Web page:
As to that, he found that a Kentucky practice rule on “intervention of right” in pending cases, Rule 24.01, applies to this situation. The rule states that “anyone shall be permitted to intervene in an action . . . when the applicant claims an interest relating to the property or transaction which is the subject of the action and is so situated that the disposition of the action may as a practical matter impair or impede the applicant’s ability to protect that interest.”  Indeed, if Wesley’s petition was granted, he and Melissa might have the power as Laura’s legal parents to exclude Amy from Laura’s life.

In this case, wrote Cunningham, “the subject of the adoption action is Laura, and Amy is claiming a cognizable legal interest – i.e., maintaining a relational connection with the child, either through custody or visitation.” Granting Wesley’s adoption petition “could impair or impede Amy’s proffered custodial interest since, absent her intervention, the adoption proceedings would have concluded before her custody rights were determined.”  On the other hand, if she gained joint custody before the adoption proceeding was concluded, she would “share the right to make decisions concerning the major aspects of Laura’s upbringing.”  Thus, the Supreme Court found that Amy had satisfied the requirements set forth in Rule 24.01.

Thus Amy was entitled to intervene as a matter of right. The court pointed out that another Rule governs permissive intervention, which would give the trial court discretion to allow her to intervene even if she did not have a strict right to do so.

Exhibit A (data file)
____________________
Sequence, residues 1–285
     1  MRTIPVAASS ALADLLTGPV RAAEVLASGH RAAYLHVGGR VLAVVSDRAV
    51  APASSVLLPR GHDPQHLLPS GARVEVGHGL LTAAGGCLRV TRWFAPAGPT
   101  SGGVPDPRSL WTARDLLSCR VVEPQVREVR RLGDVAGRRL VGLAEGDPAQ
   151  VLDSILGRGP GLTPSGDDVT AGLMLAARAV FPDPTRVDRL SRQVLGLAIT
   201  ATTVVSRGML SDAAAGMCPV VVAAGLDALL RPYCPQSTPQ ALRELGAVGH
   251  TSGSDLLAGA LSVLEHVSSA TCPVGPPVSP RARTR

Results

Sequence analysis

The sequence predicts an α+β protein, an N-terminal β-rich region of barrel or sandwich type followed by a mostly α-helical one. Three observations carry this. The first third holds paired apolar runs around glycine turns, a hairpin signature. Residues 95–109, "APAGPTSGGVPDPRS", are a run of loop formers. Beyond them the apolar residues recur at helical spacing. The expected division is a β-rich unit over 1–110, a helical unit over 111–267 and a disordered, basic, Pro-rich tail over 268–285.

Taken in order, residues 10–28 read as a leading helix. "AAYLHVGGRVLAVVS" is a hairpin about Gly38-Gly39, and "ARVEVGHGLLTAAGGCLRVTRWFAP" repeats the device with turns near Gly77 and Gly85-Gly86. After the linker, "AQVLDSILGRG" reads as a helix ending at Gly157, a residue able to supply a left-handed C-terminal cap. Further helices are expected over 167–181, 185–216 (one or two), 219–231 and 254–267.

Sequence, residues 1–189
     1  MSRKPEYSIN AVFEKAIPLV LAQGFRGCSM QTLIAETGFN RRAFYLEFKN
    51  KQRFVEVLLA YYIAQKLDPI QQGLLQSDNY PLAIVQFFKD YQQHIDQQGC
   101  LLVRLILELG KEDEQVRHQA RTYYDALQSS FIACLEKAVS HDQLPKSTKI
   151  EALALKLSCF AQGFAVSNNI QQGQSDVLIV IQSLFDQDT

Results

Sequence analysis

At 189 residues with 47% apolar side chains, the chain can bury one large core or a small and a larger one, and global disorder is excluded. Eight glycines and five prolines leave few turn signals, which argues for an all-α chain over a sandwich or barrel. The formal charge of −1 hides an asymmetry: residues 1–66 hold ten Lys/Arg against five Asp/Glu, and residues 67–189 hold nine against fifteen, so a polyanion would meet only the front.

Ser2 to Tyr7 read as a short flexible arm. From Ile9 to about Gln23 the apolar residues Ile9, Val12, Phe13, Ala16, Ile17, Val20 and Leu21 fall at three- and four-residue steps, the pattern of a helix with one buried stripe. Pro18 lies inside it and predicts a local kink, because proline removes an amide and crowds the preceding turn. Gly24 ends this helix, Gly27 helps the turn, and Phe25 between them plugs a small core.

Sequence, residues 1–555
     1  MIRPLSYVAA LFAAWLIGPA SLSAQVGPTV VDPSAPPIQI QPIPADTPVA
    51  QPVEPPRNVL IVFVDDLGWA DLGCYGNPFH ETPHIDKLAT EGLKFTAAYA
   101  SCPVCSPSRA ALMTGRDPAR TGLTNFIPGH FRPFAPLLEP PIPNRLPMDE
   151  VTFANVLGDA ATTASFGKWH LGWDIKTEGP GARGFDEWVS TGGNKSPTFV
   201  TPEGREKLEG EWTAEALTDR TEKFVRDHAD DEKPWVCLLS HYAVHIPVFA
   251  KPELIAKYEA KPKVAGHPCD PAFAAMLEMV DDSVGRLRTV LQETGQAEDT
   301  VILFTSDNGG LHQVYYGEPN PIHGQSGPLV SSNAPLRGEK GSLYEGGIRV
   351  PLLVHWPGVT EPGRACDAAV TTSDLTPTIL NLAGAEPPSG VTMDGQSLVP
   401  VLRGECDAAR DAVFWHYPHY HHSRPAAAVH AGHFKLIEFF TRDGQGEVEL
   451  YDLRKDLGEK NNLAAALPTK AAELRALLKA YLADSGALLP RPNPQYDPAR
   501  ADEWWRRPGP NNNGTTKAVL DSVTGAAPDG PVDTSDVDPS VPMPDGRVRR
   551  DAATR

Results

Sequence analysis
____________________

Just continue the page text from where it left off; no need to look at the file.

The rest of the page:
When Melissa and Amy planned to have a child they executed a written agreement with their sperm donor which made clear that they contemplated that Amy and Melissa would raise the child together as parents. Justice Cunningham noted that the parties in this case have argued about whether that document is an enforceable contract.  He found that question not “dispositive” of the outcome of this case, but rather considered the document to be “instructive evidence demonstrating the intent of Amy and Melissa to raise Laura as co-parents,” thus bolstering Amy’s claim to have a legal interest for purposes of intervening in the adoption proceeding.

The Supreme Court also found that the trial judge made a “logical decision” that Amy’s custody claim should be resolved before addressing Wesley’s adoption petition, and that the Court of Appeals should have deferred to the trial court’s judgment on this as a matter of judicial efficiency. The Supreme Court sent the case back to the trial court, reinstating its order granting intervention and dismissing the step-parent adoption petition.

Amy is represented by attorneys Margo L. Grubbs, Jennifer Blain Landry, Camilla B. Taylor, Kyle A. Palazzolo, Christopher R. Clark, Gregory R. Nevins and Lisa T. Meeks. Taylor, Palazzolo, Clark and Nevins are staff attorneys with Lambda Legal.  Counsel for Wesley are Jacqueline S. Sawyers and Amy Howard Anderson.